Cruciferous vegetables your child should eat and why

Cruciferous vegetables your child should eat and why

While most mothers know how important veggies are for the growth and development of their toddlers, they might not be aware of the importance of variety. So, apart from the usual potatoes, tomatoes, onions, and spinach, you definitely need to introduce cruciferous vegetables in your child’s diet as well. These are essentially flower-bearing vegetables with a somewhat cross-shaped arrangement of the flower petals. The family comprises members like cauliflower, cabbage, turnip, radish, mustard, bok choi, kale, and broccoli. Most of these vegetables owe their characteristic pungent flavour to a unique compound that is known to enter the bloodstream to carry out some amazing anti-cancerous tasks. To know more, read on.

The many benefits of cruciferous vegetables

  • Enriched with anti-inflammatory and anti-cancer properties, cruciferous vegetables are commendable immune boosters.
  • Like most other veggies, these too are a wonderful storehouse of dietary fibre! Being a tough structure to break down, the fibre ends up stimulating the digestive muscles to work harder and digest all other food better, in the process.
  • Cruciferous vegetables contain plenty of water-soluble vitamins (like folate and vitamin C). These nutrients are essential for your child’s mental development and immunity. However, since these nutrients dissolve easily in water, you must be careful about the method of cooking, to minimize the chances of these vitamins leaching out in the water you discard. Making soups and stews which reserve the water content can be a good idea. Or, you can grill or roast these veggies as well.
  • These veggies also have fat-soluble vitamins (A, E and K). They are known for their antioxidant properties, and the way they can contribute to good vision and healthy skin. Additionally, they are known for their high potassium content and can manage high blood pressure.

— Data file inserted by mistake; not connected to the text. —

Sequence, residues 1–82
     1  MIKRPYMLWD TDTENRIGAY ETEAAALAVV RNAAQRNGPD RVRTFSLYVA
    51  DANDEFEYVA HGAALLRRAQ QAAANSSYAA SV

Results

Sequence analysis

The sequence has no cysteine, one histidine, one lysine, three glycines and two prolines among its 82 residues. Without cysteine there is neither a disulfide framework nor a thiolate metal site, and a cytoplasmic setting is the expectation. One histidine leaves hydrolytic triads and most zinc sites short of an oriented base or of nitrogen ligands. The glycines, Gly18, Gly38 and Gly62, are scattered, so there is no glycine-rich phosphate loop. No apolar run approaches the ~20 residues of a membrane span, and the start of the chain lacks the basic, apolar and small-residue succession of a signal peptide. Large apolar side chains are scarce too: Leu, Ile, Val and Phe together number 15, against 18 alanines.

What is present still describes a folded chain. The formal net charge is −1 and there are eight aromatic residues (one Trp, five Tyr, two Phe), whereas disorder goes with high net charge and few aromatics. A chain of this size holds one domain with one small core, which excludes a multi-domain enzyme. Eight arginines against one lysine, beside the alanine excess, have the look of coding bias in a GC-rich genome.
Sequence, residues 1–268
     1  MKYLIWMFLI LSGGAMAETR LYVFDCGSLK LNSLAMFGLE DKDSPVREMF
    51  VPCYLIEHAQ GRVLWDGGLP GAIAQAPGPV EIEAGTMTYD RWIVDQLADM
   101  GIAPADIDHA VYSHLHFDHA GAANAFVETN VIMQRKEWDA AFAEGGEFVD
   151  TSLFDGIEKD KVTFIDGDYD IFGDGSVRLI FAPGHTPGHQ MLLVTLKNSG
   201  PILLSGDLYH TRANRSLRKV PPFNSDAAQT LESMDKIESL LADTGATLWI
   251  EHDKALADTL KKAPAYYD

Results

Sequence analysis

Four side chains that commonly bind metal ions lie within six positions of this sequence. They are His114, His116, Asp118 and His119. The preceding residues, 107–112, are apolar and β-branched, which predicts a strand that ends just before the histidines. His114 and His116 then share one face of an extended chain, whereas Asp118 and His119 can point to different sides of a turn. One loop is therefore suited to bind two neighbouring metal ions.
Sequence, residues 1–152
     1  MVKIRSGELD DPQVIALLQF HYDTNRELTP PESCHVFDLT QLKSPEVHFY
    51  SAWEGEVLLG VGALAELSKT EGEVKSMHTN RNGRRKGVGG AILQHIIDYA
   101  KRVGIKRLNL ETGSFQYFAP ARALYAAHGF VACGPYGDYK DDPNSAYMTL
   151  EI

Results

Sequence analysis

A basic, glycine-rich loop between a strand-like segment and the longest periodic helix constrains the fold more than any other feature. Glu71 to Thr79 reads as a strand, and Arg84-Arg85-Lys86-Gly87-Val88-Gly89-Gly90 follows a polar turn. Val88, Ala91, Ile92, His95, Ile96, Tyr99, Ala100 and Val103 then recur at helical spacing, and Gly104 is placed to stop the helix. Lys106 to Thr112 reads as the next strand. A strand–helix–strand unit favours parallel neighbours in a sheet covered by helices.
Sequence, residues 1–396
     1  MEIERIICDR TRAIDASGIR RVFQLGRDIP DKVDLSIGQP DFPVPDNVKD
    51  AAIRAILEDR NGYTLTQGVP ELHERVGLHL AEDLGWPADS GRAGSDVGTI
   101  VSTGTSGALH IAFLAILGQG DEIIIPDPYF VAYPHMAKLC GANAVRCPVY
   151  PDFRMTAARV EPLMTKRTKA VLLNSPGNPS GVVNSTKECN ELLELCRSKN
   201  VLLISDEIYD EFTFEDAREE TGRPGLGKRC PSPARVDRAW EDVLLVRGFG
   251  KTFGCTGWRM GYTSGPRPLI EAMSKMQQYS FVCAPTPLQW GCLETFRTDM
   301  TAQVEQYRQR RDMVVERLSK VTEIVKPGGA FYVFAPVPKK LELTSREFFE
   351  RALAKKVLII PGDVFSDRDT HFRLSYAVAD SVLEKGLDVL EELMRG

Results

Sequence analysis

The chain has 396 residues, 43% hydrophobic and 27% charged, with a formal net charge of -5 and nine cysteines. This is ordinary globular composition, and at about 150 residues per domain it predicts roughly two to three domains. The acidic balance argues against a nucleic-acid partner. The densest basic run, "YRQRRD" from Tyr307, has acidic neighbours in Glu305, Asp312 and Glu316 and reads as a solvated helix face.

• You might also be surprised to know that cruciferous vegetables are known to work remarkably well as antidepressants and pain relievers, as suggested by several studies. Additionally, a phytochemical present in these, known as sulforaphane, can reduce the risk of developing cardiovascular diseases. Eating these vegetables regularly can lower the risk of childhood obesity and high blood pressure in the future.

Cruciferous veggies for a healthy future

The best part about including cruciferous veggies in your toddler’s diet is that, these can lay the foundation for a healthy adulthood too. For instance, some recent studies show that sulforaphane in these veggies can act as cognitive therapy for Alzheimer’s patients! This chemical compound might have a positive impact on autistic children too. Besides, consuming these veggies can treat Helicobacter Pylori infections that can gravely disturb your child’s digestive tract by causing gastric inflammations and severe stomach ulcers.

So, going the cruciferous way can not only provide immediate nutritional benefits for your toddler, but can also reduce your child’s future vulnerability to several health issues such as diabetes, cardiovascular diseases, cancer and Alzheimer’s.

Things to remember while cooking cruciferous veggies

Luckily, most of these cruciferous vegetables can be subjected to various methods of cooking. The leafy ones can be boiled or steamed, baked to make white sauce bases, turned into soups and juices, etc. Florets of cauliflower or broccoli can be pureed, or used in salads, toppings, and even curries. Steaks and barbecue versions are always welcome too. Or, you can simply stir fry the veggies and spice it up with herbs.

However, as a precaution, remember that cruciferous vegetables are often infested with pests, which might be hidden in their multilayer structures. Cleaning them in warm salt water can be helpful in this regard. So, now, you are all set to make cabbage, cabbage, broccoli and cauliflower a part of your toddler’s daily diet. If you are introducing these for the first time, do so one by one. This way, you can identify if your toddler if reacting negatively to any of the veggies.